We’re clear about who we are. This is simply an English language newspaper run by Chinese people, with the help of some foreigners. We never talk about ambitions in our office, and if we, mostly young Chinese journalists, had an ambition, that would be projecting all voices in society, namely the voices of foreigners, migrant workers, petitioners… not only of officials. But if objectivity and plurality happen to build up our country’s soft power, everyone who is involved should feel proud.
Anyway, we should thank Miss Canaves for pointing out the inappropriateness of some of Alessandro’s advice. It helps us, a fledgling English language newspaper, to find the boundary.
Of course, the art that accompanies the editorial seems to speak more powerfully than the words.
Say what you will about Alessandro’s ribald humor, but it is an awful irony when, in the same week that the United States is getting hammered in the Chinese press for repression of personal freedoms domestically, that the Wall Street Journal succeeds in closing off a slight avenue for free expression in the PRC.
What would Ai Weiwei say? Well, that’s probably also unprintable.
As was described on this blog on Sunday, Japanese scholar Mizutani Naoko was barred from entering China on Feb. 27 on account of Chinese apprehension toward her activities in support of Xinjiang’s exiled Rebiya Khadeer.
Today, Deutsche Welle’s Chinese service interviewed the scholar [rough translation by Adam Cathcart]:
水谷尚子表示，中国作为一个国家有权决定允许谁入境，因此她并不对此表示抗议。但她认为，中国方面拒绝她入境的人并不了解她的观点，她是一位温和派的学 者。她说：”他们可能根本不了解我这个人是什么样思想的人，这让我非常遗憾。我是温和派的人。日本有一些新纳粹，为了打击中国，利用维吾尔人、西藏人，也 有这样的。日本这些新纳粹，非常极端的右翼，甚至是黑社会，这样的人他们都可以进入中国，随便入境。那么，我为什么受到这样特别的对待？” Mizutani Naoko stated that [she] regarded China as a country which has the right to determine who crosses its borders, therefore she judged it incorrect to express resistance [to the immigration officials]. But she believes that the Chinese side/person who refused her entry into China did not understand her perspective, she being a moderate type of scholar. She said: “It’s possible that they basically did not understand what kind of ideology this person [e.g., Mizutani] held, and this makes me very regretful. I am a very moderate person. Japan has a few neo-Nazis who want to hit China using Uighurs and Tibetan people; these kind of [Japanese] people also exist. These few neo-Nazis in Japan, especially the extreme right wing, along with the Yakuza, these people are all allowed to enter China’s borders. So if this is the case, why should they make such a special treatment for me?”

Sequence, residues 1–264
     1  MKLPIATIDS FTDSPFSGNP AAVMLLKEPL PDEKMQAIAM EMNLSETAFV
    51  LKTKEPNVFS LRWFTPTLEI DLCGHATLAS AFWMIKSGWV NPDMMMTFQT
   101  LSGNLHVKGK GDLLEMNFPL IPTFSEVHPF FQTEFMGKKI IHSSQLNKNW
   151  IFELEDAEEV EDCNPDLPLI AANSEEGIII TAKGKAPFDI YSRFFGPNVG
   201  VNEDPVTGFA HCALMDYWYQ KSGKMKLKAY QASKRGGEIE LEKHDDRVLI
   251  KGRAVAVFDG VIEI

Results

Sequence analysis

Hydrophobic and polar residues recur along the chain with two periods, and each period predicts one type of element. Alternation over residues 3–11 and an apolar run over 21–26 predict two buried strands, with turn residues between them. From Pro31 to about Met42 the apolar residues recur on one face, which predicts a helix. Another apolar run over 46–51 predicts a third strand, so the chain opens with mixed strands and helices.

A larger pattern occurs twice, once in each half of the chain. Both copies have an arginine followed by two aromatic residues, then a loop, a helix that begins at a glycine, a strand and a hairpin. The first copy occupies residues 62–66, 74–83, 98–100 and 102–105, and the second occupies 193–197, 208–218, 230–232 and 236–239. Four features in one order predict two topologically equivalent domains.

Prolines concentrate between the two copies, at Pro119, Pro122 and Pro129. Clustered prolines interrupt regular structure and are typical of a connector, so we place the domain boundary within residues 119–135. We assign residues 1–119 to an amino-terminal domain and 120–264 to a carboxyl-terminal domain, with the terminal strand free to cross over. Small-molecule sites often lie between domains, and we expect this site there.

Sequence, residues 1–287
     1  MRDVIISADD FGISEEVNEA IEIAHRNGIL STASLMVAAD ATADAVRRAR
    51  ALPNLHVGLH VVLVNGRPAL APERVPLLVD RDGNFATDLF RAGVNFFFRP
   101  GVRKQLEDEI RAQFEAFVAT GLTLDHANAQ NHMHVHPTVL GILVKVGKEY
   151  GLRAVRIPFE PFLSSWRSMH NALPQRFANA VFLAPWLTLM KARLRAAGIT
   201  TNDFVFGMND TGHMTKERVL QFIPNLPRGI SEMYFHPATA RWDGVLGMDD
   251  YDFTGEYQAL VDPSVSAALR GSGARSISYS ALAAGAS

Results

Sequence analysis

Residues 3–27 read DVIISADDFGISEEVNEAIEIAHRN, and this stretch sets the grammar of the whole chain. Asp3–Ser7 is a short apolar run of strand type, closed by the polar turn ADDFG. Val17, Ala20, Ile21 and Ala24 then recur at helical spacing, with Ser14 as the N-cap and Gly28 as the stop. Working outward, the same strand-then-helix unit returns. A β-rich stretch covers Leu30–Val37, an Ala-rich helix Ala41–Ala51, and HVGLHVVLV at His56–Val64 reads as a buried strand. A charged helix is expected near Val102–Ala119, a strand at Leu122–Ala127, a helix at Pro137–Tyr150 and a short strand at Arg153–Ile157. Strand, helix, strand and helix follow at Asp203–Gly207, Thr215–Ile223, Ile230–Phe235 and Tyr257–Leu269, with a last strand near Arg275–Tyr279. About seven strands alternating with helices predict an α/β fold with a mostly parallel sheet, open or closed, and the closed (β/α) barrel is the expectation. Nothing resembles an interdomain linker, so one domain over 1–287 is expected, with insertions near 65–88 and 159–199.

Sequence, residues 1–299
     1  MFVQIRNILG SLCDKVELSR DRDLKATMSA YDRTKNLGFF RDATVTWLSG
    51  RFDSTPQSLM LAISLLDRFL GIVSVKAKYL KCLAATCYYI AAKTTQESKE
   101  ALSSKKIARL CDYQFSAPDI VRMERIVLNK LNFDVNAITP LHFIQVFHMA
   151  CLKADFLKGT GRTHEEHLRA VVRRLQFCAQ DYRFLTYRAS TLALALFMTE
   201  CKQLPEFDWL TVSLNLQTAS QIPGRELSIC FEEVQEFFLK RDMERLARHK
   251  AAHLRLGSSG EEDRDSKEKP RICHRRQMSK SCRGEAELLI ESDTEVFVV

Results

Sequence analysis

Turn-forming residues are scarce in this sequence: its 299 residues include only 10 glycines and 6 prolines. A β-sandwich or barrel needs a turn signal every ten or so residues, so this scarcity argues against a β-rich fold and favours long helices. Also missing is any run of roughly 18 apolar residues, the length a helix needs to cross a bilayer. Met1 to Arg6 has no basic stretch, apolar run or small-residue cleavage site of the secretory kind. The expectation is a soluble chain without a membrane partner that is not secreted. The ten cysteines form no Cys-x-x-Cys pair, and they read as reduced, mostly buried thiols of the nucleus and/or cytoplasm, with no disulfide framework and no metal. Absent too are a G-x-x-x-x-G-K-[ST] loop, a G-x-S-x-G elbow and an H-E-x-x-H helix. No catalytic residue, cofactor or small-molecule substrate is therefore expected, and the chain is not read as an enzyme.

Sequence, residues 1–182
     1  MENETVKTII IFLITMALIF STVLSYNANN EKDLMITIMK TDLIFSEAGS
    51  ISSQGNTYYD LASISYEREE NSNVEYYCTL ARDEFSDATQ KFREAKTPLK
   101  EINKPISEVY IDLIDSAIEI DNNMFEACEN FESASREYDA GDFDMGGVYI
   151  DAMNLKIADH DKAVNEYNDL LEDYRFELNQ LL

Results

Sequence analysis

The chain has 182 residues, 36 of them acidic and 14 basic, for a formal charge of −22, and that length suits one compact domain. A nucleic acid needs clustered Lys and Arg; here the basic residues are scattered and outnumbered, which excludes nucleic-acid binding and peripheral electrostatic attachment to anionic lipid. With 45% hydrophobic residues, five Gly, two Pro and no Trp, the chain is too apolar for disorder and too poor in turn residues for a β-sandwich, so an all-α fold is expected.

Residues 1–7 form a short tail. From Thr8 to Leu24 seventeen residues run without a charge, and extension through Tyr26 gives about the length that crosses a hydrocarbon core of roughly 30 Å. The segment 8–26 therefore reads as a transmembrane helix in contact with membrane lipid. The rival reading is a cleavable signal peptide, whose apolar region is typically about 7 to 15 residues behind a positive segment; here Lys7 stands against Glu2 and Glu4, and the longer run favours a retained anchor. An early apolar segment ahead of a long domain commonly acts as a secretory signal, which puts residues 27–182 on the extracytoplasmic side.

Well, probably because Yakuza don’t publish books about Rebiya Khadeer.
Looking at the publicity (as opposed to the full bibliographical citation) for Mizutani’s 2007 book on Uighur exiles, it becomes clear that the text was reasonably successful in Japan, being offered as an affordable paperback which promised, in the words of the press release, to expose Xinjiang as “血も凍る拷問と虐殺。核実験場にされるウイグル自治区。中国の人権弾圧のおそろしい実態を、亡命者群像が生々しく証言し告発する,” or, roughly rendered (and with apologies for my unidiomatic Japanese), “A place of blood-curdling torture and slaughter, the nuclear test site which is the Uighur autonomous area, China’s site of of fearful oppression of human rights: Exiles testify to the actual conditions.”
Now, China should have praised her 2006 book on “Japan hands” in China, particularly as that year was witnessing a renaissance in historical scholarship which put China and Japan on better footing (such as the commemoration of the 1946 Huludao boatlift of Japanese settlers and refugees from Manchuria back to Japan). But then again, maybe Chinese Japan-watchers were upset by her 2005 retort to China’s immense anti-Japanese upsurge of that same year: entitled “Exposing the Warped ‘Patriotism’ of Anti-Japanese Sentiment in China.” Now it would appear the odds of her ever writing anything favorable again towards the CCP would be substantially diminished. But then again, those buried scholars didn’t seem to have much to say to Qin Shihuang back in 209 B.C., at least according to (castrated) court historian Sima Qian. In other words, I wonder (along with Far Eastern Economic Review, h/t to JustRecently) if much has changed about the historical profession in China when even (or especially!) foreign scholars need to kowtow to the dominant narrative.